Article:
South-South cooperation efforts within “Spaces for engagement” program

By Leandro Echt, Coordinator of the Influence, Monitoring and Evaluation Program at CIPPEC

Every two years, the Colombian Confederation of NGOs (CCONG) holds the National Conference of NGOs in partnership with regional NGO Federations. This year, CCONG and the Caldas’ Federation of NGOs brought the “V National Meeting of Colombian NGOs: social innovation for development, an analysis from the NGO” to Manizales, Colombia.

Encuentro-Nacional-de-ONG-2012-090-e1380738795998The meeting aimed at creating a space for dialogue and reflection among leaders and representatives of social organizations, as well as other stakeholders in Colombia. The dialogue was targeted at the importance of having an innovative social sector to contribute to the peace process, governance and territorial development.

Established throughout the meeting, a South-South Cooperation Forum aimed at knowing the trends of South-South cooperation in Colombia, sharing experiences of South-South cooperation between NGOs and other stakeholders, analyzing South- South cooperation as a modality to be strengthened among NGOs, and identifying realities, challenges and opportunities for cooperation among NGOs.
CIPPEC was invited to participate in this Forum and share its experience within the program “Spaces for engagement: using knowledge to improve public decisions (SFE)”. A joint initiative between GDNet and CIPPEC, SFE encompass­es six years of intensive work (2008-2013) that aimed at creating diverse spaces of engagement with the participation of researchers from policy research institutions (PRIs) that conduct or use investigations to influence policy, policymakers, and/or decision making processes. For that purpose, it sought to work with a Community of Practice (CoP) gathering selected researchers from think tanks and research institutes, as well as policymakers who are strongly committed to improving the use of development research in policymaking in Latin America. The program also seeks to promote South-South cooperation on linking research and policy between Latin America, Asia and Africa.

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Shattered global wisdom

Today is UN Day for South-South Cooperation

Did you know that as of 22 December 2011, the General Assembly decided to declare 12 September- instead of December 19th– the United Nations Day for South-South Cooperation?  The General Assembly decision 66/550 endorsed the Buenos Aires Plan of Action for Promoting and Implementing Technical Cooperation among Developing Countries . (United Nations website)

Time 4 Learning-K Samsonu New

We take so much for granted . .

I am very happy to seize this opportunity to raise awareness and provoke curiosity of international community about the value of ‘Connecting the South’. South-South collaboration is a very important ingredient  to international development. Southern research provides a resourceful pool of research that is considered a viable source of innovative ideas to current global challenges and uneven lumpiness in development.

In days where we see a deadly food crisis where hunger and drought spread across Africa; a daily human Massacre in Syria for the past two and half years where reactions to both parties cannot be more polarized (almost 110,000 people were killed mainly civilians including women and children and over 2,000,000 Syrian displaced- Business Insider); and instances where governments are willing to invest monies to go into war against other countries. How can this reality become a sustainable path to equal development opportunities for all?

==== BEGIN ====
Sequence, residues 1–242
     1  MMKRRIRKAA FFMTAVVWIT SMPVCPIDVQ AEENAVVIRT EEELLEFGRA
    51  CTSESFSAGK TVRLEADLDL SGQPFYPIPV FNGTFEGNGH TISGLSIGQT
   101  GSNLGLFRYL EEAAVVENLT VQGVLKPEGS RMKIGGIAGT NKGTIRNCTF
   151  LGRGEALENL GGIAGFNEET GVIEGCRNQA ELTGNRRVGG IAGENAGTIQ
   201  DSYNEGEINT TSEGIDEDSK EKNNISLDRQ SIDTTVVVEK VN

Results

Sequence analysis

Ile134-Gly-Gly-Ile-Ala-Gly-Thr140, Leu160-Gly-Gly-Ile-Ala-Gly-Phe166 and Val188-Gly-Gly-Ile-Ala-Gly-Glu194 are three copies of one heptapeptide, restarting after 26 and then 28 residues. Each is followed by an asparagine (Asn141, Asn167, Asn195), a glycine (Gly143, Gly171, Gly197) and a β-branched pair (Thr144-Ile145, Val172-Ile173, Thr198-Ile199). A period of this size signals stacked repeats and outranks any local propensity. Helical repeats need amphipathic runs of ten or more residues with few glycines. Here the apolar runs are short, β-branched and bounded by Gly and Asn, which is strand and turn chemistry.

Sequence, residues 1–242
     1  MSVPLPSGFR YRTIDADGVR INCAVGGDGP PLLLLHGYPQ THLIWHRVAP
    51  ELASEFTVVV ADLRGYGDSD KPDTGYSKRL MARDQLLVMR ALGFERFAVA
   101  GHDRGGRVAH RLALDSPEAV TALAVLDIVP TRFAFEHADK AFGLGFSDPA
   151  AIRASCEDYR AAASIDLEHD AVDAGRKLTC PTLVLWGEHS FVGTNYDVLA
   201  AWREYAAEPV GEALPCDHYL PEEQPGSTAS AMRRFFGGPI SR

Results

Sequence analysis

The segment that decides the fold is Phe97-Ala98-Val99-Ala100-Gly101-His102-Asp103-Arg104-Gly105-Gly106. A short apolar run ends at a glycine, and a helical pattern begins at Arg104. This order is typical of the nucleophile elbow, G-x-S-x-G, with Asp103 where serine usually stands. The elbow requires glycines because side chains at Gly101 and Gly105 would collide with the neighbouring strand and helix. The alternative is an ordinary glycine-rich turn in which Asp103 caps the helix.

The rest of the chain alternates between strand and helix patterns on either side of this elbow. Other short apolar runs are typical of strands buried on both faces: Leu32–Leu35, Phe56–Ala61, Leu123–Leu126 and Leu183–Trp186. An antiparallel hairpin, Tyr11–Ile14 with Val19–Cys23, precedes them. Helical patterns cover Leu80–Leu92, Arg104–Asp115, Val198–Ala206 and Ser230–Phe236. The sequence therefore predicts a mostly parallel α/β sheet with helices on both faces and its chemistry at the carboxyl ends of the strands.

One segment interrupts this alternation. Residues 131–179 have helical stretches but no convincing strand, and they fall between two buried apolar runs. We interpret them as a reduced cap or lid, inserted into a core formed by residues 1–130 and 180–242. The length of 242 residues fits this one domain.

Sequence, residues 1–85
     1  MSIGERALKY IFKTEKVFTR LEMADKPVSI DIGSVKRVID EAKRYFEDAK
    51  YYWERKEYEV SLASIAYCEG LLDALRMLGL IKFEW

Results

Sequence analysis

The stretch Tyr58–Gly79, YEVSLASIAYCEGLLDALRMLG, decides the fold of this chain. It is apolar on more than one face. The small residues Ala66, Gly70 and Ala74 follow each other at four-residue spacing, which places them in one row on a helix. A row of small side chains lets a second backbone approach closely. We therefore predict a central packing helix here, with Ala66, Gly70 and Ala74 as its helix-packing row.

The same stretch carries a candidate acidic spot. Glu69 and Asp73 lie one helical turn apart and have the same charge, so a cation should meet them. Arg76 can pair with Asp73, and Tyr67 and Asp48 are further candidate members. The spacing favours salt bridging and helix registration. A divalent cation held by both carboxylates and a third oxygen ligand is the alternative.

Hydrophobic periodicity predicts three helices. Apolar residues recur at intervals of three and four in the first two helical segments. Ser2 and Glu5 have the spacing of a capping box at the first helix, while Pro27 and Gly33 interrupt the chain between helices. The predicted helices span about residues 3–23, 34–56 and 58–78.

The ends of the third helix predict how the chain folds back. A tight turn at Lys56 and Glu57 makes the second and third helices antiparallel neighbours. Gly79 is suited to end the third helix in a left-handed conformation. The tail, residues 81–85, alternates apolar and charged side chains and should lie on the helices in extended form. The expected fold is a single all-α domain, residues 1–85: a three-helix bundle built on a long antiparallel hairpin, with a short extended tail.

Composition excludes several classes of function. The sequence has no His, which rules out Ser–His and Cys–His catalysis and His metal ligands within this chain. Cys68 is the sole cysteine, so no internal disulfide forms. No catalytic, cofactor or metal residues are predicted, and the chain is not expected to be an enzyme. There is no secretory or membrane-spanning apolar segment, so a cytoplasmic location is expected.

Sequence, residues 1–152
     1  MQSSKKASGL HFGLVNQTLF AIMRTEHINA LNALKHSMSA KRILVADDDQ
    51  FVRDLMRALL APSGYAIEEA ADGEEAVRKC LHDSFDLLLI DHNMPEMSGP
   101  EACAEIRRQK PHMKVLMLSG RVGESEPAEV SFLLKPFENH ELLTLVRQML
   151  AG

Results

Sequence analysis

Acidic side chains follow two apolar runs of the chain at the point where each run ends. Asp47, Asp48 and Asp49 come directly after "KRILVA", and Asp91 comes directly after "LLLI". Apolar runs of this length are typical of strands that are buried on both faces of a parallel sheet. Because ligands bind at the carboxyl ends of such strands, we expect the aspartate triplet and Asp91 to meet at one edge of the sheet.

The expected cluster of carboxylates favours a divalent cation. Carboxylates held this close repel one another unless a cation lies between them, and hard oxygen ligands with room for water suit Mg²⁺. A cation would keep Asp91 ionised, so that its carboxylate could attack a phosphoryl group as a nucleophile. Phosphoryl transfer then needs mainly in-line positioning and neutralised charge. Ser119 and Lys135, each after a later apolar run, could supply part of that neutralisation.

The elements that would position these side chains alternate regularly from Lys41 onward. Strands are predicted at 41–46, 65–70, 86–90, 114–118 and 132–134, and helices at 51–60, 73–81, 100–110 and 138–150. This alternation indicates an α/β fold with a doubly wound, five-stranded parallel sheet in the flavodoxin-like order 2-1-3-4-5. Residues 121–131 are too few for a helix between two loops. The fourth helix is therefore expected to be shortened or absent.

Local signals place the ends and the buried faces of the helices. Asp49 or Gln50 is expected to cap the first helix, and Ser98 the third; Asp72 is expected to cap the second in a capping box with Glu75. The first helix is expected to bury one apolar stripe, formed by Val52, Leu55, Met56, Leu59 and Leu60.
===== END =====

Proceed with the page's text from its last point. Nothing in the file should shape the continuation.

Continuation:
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The Future of Aid

As 2010 comes to an end, the effectiveness of the fundamental mechanisms of the current foreign aid system has become a much discussed and ever more pertinent issue. Robert Riddle in his 2007 book Does Aid Really Work? highlights the traditional principle that underpins all foreign aid as:

Those who can should help those who are in extreme need…What could be simpler?

However, as Riddle elaborates, the realities of foreign aid are far from simple. Indeed, the current global financial crises, climate change challenges, natural disasters and political volatility are all contributing factors in an increasingly complex international concern.

These issues have resulted in an extensive diversity in both the attitude and approach to aid.  Some, such as William Easterly and Dambisa Moyo, argue that foreign aid has stunted the growth of countries in Africa and instead created a circle of aid dependency, corruption and further poverty.

Other aid practitioners believe that aid can be successful, but only if delivered correctly.

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South-South and North-South Cooperation: The New Dynamics of the Global Economy

One of the first parallel sessions of the conference attracted 20 participants to hear three speakers presenting an ongoing joint research project between UN-CRIS and UN-WIDER. The session, entitled ‘South-South Integration in a North-South Context’ explored the development impacts of South-South trade agreements compared to the alternative, and often more favoured North-South Integration.

South-South trade agreements continue to grow in popularity despite the argument that they do not provide the same socio-economic benefits as North-South agreements (of 61 Regional Arrangements studied by the project, 40 are south-south). In reality, there is little evidence to support this view. Read more of this post